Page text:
Greater Harrisburg's Community Magazine

Net Gains: Harrisburg basketball league brings community, unity to Reservoir Park

Vadel Prince didn’t fall in love with basketball until he was 18.

At the time, he was going through a lot of life changes. For one, he was about to become a father while also in the process of deciding on a college. But he was also struggling with the pain of recently losing a friend to gun violence. It was a lot on his shoulders.

“I found myself on the basketball court, and I stopped thinking about everything else,” said Prince, an Uptown Harrisburg resident. “The court is the one place I can focus, relax and express myself.”

Prince, who never felt he had an outlet for his emotions, had finally found it.

Now, he hopes to share that feeling with others through Foundation 717, a Harrisburg sports league for adults.

When founder Stephen Range asked Prince to join him in starting a basketball league to give people something to do during the pandemic, Prince jumped at the opportunity. He became the president, and the pair started Foundation 717, which now offers basketball and football leagues in Harrisburg.

“There’s not a lot of basketball leagues in the middle of Harrisburg,” said Range. “There’s a lot of ability and people that could make it to the next level. They have potential; they just didn’t have the resources. This is helping them.”

Range has played the sport since he was 5 years old. As a Harrisburg native, he remembers watching and playing in basketball games in the community. It gave him older role models to look up to, he said.

He hopes to do the same with Foundation 717—bring a sense of community and unity amongst players and neighbors.

The league, in its third year, began in early June with six teams playing weekend games at Reservoir Park. From the first weekend, Prince could already see the level of competition that this summer would bring. The teams include a mixture of returning players, as well as new faces to the league. It keeps it interesting that way, Prince said. This year, Prince is also playing on the “HBG Nightmares” team. He might be the president, but there’s no way he’s going to just sit on the sidelines, he said.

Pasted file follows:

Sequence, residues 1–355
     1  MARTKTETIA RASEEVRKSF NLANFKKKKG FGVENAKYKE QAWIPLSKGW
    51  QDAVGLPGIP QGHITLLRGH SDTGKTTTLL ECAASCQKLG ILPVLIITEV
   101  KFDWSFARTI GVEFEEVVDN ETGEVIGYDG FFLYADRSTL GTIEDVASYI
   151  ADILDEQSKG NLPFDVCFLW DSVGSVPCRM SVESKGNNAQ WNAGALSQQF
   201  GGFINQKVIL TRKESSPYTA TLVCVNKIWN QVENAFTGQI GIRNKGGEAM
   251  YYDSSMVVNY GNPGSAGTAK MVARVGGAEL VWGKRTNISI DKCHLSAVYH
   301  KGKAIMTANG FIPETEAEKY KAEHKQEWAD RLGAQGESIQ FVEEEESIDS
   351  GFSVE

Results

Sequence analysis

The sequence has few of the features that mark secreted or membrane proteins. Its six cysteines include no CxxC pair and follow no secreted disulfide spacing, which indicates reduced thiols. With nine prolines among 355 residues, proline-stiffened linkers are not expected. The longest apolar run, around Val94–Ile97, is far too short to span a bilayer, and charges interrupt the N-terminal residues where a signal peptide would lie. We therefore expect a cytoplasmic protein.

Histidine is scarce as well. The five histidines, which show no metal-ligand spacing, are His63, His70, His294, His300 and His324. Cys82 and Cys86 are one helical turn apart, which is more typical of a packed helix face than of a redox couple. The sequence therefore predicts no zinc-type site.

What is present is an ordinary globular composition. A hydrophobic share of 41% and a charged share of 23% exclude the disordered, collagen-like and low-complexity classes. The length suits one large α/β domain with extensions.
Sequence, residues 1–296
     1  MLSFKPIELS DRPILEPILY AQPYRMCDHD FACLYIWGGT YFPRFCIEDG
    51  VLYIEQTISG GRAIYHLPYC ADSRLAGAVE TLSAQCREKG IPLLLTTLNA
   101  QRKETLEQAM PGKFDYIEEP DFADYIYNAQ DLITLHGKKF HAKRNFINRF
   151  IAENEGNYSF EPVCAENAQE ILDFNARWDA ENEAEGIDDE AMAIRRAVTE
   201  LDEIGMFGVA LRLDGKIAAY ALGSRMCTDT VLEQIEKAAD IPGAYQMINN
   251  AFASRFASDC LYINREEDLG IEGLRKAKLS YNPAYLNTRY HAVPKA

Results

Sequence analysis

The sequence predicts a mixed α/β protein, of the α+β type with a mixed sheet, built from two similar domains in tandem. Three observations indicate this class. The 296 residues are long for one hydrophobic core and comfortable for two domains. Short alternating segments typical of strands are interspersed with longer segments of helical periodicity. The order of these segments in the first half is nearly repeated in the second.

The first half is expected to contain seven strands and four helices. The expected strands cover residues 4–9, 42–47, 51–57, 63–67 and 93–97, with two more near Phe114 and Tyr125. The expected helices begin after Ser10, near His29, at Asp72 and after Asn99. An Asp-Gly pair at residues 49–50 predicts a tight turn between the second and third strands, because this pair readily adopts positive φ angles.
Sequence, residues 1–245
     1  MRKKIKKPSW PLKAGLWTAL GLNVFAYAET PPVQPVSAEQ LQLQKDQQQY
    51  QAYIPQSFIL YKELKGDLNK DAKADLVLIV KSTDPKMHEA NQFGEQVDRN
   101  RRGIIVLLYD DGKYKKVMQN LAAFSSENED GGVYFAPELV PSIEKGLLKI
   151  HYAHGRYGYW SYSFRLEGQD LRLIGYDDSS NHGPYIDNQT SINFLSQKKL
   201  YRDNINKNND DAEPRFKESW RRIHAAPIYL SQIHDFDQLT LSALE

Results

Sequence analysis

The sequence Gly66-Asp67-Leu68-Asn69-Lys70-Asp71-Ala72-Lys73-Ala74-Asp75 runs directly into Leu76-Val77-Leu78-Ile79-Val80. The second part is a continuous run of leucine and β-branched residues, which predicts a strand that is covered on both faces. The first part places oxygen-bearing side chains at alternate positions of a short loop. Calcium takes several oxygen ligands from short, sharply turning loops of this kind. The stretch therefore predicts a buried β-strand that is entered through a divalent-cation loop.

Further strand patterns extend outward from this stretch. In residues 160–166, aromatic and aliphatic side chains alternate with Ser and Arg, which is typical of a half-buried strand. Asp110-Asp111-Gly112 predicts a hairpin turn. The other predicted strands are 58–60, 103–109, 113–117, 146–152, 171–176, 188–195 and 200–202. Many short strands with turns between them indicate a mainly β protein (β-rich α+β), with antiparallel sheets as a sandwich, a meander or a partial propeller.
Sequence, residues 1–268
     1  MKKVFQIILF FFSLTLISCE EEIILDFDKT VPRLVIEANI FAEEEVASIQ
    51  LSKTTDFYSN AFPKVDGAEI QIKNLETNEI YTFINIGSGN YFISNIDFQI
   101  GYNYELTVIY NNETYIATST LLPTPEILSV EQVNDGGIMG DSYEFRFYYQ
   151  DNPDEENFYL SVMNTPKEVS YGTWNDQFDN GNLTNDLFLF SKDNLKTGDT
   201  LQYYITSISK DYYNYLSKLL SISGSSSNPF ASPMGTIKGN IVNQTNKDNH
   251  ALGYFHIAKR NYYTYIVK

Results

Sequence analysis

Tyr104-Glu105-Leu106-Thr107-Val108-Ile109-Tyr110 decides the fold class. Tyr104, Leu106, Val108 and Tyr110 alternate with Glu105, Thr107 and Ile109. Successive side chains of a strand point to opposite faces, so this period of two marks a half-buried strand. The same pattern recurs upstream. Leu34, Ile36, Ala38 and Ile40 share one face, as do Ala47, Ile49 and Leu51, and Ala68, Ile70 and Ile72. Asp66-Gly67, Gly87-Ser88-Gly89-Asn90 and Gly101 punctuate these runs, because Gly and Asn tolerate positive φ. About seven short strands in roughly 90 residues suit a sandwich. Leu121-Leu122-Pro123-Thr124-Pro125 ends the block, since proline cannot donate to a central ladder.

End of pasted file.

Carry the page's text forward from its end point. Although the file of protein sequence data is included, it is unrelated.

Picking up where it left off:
But while the competition is fierce, the energy on the court stays positive.

“We can be competitive while still bringing each other up,” he said.

That’s important to both Range and Prince, as well as to Stefani Idžaković, the summer league coordinator for the foundation.

Over the first few years of the league, Idžaković has continued to implement rules around mutual respect, nonviolence and creating a family-friendly environment.

“We want the youth to see that we can use healthier outlets,” she said. “We actually got more interest after we started fostering a more positive environment.”

During this season, Prince has already seen a difference in the way players interact with each other, compared to past years. He recalled a time when a foul in the game would cause a fight to break out. But as he has tried to remain a positive example for other players—controlling his emotions during moments of frustration. He’s seen others take the same approach.

“Every year, I see people come back that change for the better,” he said.

Foundation 717 has seen the impact that its league has had on the community and hopes to expand in the coming years. Range said that they may offer additional sports options in the near future.

“I want to change the way the perspective is of our neighborhood,” he said. “This is just the beginning of what we are capable of.”

For more information about Foundation 717, visit


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